turf installation

  • Basic Sod Health and Prevention of Problems

    Basic sod maintenance is the best disease prevention program. Specific maintenance practices include proper fertilization, correct irrigation (watering and drainage), correct mowing height, appropriate maintenance tools, placement in full sun, and use of disease resistant sod. While full sun placement isn't always possible, it is important to keep in mind that a lot of shade isn't ideal as the grass is more thin, weak and prone to stress. Weather also plays a huge part in the outcome of your turf, and it's unpredictability and uncontrollable nature will often work against you.

    Diseases in lawns usually start small with a few patches or spots. If a problem is severe and widespread and has occurred suddenly, there's a good chance it is not a disease but another stressor caused by heat, water, mowing, poor drainage, or fertilizer, just to name a few. Irrigation problems are often the root cause of discolored lawns. Providing good soil drainage and maintaining proper irrigation are crucial steps in preventing many sod problems.

    If the cause of the turf problem is a fungus, there are different types of fungicides that are meant to be used either preventively or curatively. Preventive fungicides work to activate a plant's natural defenses against infection. Curative fungicides can stop dead or diseased areas from getting bigger, but will not bring a dead patch back to life. It will take time for the grass to fill back in on its own, or it can be re-seeded. It can be helpful to keep a record of where the disease has occurred as fungus often occurs in the same areas year after year, so preventive fungicide can be accurately applied. Prevention is always best, which will include applying preventive fungicide, aerating, proper fertilization and irrigation maintenance.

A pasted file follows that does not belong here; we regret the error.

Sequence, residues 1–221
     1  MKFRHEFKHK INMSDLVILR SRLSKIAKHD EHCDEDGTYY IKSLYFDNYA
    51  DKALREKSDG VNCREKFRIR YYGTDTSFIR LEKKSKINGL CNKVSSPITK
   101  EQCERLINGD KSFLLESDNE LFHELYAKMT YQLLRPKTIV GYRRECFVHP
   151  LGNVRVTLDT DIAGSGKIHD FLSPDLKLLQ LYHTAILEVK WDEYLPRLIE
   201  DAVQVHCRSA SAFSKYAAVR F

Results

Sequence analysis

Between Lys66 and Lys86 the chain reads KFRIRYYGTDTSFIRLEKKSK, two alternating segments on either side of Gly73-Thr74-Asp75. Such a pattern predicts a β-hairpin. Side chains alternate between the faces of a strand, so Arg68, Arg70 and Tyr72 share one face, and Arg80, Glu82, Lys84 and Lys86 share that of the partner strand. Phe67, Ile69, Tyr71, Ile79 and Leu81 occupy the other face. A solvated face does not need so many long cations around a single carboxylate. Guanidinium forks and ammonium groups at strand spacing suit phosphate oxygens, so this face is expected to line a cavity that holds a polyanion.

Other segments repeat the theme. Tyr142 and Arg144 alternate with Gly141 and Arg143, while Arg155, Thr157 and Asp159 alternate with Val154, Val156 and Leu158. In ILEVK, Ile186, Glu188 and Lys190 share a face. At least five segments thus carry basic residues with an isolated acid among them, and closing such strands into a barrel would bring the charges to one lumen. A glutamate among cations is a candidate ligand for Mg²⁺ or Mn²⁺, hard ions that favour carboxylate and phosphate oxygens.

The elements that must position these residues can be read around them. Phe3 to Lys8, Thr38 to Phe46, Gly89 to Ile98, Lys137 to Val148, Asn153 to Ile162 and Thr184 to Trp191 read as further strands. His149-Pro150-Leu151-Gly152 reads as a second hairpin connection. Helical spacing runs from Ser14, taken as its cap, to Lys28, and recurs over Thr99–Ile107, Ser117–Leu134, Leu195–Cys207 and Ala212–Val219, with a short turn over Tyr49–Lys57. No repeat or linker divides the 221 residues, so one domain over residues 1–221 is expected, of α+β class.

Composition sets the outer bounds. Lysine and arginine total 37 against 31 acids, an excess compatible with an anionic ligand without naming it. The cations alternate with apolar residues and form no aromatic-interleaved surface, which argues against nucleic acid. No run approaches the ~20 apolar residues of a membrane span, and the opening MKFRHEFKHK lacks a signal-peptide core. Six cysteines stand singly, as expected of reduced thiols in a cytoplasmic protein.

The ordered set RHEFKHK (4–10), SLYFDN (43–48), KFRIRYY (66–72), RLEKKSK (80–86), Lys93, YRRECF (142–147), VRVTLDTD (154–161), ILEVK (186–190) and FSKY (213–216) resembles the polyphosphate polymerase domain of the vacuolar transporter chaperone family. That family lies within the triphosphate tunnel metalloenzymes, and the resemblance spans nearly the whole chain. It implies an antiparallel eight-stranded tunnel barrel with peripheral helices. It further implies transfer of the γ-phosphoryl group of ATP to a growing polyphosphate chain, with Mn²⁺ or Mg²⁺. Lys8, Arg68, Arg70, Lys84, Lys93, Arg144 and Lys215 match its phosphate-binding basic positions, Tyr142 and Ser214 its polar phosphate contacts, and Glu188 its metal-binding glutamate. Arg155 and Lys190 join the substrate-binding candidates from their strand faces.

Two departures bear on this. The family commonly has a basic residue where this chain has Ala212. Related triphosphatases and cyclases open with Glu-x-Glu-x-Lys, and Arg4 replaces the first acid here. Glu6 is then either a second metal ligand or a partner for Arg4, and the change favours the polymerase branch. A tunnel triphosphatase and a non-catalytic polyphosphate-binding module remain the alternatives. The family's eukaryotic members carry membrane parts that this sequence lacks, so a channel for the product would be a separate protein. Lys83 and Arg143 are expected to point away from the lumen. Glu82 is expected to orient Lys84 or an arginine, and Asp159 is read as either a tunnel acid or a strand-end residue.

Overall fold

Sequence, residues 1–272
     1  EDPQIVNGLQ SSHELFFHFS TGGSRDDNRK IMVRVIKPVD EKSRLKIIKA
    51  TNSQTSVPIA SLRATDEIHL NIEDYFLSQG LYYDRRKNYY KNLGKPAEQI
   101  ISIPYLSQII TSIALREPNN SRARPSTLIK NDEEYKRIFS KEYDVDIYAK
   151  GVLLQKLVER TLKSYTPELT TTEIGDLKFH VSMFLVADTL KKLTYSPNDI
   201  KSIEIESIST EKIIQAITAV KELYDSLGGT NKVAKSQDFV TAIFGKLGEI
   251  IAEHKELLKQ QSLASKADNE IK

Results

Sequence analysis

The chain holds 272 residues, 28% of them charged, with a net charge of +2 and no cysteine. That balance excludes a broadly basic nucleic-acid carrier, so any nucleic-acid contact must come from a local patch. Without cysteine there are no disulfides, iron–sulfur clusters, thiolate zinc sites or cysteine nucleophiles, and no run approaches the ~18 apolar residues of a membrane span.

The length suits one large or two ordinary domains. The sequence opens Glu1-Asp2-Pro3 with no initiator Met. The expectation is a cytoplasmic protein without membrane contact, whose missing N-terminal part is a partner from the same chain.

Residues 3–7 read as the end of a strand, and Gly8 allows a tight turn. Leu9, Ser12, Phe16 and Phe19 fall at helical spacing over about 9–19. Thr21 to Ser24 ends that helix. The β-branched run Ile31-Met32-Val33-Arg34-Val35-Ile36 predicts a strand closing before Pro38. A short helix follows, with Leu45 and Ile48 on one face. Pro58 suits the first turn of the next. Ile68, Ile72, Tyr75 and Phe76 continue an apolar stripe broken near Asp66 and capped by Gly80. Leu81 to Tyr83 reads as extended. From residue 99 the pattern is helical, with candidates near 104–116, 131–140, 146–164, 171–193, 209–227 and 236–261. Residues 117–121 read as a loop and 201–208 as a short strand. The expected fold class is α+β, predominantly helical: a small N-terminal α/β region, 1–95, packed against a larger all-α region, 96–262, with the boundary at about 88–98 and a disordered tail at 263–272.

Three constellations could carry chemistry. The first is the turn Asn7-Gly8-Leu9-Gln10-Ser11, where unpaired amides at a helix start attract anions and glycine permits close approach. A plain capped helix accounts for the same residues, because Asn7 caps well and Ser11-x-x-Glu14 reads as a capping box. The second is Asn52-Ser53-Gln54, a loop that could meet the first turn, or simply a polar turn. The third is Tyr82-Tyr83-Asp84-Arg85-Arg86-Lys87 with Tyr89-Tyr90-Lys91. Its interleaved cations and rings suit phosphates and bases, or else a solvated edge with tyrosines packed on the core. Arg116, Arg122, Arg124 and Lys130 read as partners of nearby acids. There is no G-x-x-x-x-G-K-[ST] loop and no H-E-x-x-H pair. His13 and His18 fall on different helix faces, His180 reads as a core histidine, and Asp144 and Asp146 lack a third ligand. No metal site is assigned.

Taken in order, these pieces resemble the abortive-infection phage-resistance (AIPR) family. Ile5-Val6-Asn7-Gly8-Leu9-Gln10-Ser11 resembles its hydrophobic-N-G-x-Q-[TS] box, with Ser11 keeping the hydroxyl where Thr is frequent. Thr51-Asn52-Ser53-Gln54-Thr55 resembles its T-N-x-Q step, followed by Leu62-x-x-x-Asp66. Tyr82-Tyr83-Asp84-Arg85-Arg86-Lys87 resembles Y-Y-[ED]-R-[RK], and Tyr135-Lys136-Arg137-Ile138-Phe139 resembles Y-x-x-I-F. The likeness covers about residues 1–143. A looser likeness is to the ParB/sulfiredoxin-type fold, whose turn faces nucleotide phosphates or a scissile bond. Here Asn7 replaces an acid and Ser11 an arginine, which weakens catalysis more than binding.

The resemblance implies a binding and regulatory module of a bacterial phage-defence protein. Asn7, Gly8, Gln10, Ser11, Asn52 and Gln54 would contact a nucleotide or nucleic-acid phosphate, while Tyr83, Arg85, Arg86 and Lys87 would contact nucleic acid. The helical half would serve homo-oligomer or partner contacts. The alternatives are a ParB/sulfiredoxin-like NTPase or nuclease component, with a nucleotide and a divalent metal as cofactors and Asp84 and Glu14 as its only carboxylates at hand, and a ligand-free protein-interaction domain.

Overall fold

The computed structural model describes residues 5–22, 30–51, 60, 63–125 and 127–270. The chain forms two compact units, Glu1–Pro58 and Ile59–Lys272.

The most common summer disease found in grasses like tall fescue is brown patch. It creates large, tan-colored lesions on the blade of grass and expands into circular patches up to several feet wide. Brown patch is most aggressive when there's a combination of high humidity and temperatures above 90 degrees, but can also become active when temperatures at night are above 60 degrees, thus being active through summer and well into September. Preventive fungicides are the best option for brown patch when applied in the spring or early summer. Large patch can be found in warm-season grasses like St. Augustine. Tan or red-brown lesions can be seen on the leaf sheath and expands into circular patches, oftentimes 12 feet wide. Large patch attacks when warm-season grasses are growing more slowly, during fall, winter and spring. It becomes active when temperatures drop below 60 degree, which is the ideal time to apply preventive fungicide.

    A common type of pest that can be found in your turf are grubs. A preventive insecticide for grubs is best done in June and July as this will protect your lawn through the end of mating season in August. This preventive insecticide should provide control for up to four months. In the spring or fall you can apply curative insecticides that control current problems, but will not prevent future problems.

    While there are preventive and curative fungicides and insecticides that will treat turf diseases, it is important to reiterate that proper lawn maintenance and preventive practices are the best approach when caring for your sod.